Earlier this month, on December 11, America came home to San Diego, after a long and very eventful journey representing The America’s Cup. Its epic America’s Cup Tour included many stops, from the Gulf of Mexico up the East Coast and then south again to the Caribbean. During the tour it hosted throngs of visitors and was welcomed by some of our nation’s finest yacht clubs.
But there was also one very dangerous adventure! In October the ship had to take shelter from Hurricane Matthew by heading up the St. Johns River in downtown Jacksonville, where it docked in a less windy spot behind the large Hyatt building. America survived with little damage!
The beautiful ship is a replica of the schooner America that beat 15 top British racing yachts in a 53 nautical mile regatta around the Isle of Wight in 1851. The Royal Yacht Squadron’s 100 Guinea Cup, won easily by the New York Yacht Club, became a challenge trophy known as the America’s Cup. Today it is the oldest international sporting trophy in existence. (San Diego’s own legendary yachtsman Dennis Conner won the America’s Cup four times.)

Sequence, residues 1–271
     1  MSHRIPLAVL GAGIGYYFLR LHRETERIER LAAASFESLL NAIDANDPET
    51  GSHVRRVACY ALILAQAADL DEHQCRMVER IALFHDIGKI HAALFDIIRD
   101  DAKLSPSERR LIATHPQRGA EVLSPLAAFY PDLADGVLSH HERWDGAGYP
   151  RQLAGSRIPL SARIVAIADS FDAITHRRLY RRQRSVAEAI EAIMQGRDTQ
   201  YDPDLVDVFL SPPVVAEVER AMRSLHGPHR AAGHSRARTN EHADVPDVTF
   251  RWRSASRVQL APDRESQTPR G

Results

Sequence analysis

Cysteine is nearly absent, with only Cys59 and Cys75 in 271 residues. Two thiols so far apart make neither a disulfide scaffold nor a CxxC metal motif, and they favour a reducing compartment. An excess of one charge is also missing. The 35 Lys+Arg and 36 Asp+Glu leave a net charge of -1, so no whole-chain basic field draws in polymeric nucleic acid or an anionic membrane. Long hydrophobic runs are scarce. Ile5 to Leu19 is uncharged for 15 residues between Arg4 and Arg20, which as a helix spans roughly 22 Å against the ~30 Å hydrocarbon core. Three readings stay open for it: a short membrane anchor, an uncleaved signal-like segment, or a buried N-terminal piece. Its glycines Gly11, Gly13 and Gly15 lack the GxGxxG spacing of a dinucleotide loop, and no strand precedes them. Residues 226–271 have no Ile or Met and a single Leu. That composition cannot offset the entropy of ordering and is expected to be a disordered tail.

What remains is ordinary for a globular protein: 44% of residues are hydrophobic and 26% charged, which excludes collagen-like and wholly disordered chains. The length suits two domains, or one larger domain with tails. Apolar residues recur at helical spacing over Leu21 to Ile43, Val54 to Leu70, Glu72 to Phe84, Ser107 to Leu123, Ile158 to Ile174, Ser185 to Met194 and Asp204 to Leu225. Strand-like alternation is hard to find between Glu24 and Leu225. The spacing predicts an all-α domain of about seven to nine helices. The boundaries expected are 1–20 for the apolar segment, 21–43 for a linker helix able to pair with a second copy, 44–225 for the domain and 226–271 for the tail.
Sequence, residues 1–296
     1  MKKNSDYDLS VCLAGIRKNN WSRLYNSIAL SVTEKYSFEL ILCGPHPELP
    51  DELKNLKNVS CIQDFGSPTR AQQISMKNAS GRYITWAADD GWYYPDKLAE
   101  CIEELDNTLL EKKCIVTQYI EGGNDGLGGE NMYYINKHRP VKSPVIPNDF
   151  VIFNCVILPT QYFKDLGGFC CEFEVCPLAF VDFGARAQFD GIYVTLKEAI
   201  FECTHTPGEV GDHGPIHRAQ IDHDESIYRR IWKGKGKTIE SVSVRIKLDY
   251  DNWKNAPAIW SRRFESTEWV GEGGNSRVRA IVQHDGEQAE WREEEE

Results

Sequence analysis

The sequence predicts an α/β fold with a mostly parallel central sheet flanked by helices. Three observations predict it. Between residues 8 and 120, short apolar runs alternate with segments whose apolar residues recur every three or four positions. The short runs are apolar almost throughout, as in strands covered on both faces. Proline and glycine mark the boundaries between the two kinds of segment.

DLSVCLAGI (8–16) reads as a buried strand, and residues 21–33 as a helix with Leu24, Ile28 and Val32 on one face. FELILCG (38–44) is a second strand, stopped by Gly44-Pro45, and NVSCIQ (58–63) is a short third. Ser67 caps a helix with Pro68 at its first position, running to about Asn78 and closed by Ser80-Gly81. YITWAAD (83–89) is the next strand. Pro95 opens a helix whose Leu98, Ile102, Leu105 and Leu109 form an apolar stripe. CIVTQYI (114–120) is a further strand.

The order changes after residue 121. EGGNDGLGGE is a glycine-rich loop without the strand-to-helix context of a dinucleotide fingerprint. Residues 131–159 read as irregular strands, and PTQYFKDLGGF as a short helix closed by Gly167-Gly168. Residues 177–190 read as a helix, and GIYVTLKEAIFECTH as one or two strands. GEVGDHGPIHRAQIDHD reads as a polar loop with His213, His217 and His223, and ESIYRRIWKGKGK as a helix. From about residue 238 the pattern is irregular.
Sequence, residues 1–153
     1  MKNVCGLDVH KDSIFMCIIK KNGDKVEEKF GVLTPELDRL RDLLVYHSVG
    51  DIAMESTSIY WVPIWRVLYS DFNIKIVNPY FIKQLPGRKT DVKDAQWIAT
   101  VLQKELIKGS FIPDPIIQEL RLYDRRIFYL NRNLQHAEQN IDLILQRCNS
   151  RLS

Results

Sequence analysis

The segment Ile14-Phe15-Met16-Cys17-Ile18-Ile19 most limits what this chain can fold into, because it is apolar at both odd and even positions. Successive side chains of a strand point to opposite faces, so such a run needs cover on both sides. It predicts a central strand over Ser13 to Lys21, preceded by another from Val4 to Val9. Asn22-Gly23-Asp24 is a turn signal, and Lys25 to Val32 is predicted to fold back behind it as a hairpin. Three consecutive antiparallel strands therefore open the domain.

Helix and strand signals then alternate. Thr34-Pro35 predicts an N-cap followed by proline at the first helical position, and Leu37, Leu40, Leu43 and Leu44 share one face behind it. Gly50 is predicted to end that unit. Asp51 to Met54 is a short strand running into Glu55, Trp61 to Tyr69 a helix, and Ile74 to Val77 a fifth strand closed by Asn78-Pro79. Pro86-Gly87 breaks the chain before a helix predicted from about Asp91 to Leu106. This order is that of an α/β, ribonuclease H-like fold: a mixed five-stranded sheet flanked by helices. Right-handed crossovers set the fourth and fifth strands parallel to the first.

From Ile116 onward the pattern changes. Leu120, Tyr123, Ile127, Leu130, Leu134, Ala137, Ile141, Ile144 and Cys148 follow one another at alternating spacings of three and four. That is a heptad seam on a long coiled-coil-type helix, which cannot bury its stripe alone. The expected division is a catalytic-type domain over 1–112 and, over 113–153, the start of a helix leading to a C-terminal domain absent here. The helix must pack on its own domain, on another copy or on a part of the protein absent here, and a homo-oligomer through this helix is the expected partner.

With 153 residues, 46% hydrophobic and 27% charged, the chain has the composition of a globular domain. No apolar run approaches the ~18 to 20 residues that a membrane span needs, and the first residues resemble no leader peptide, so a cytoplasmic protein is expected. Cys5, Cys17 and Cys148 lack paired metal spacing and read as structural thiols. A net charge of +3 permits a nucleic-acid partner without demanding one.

The replica America that makes San Diego its home is owned by Next Level Sailing, and it is glorious to behold when under sail. Now that the America’s Cup Tour is safely over, it is once again available for charters and whale watching adventures out on the blue Pacific.
This afternoon I happened to catch America out on San Diego Bay, heading in to the Maritime Museum, where it docks. I got a few photos before I hurried back home to take shelter from tonight’s storm! Not a hurricane, thank goodness!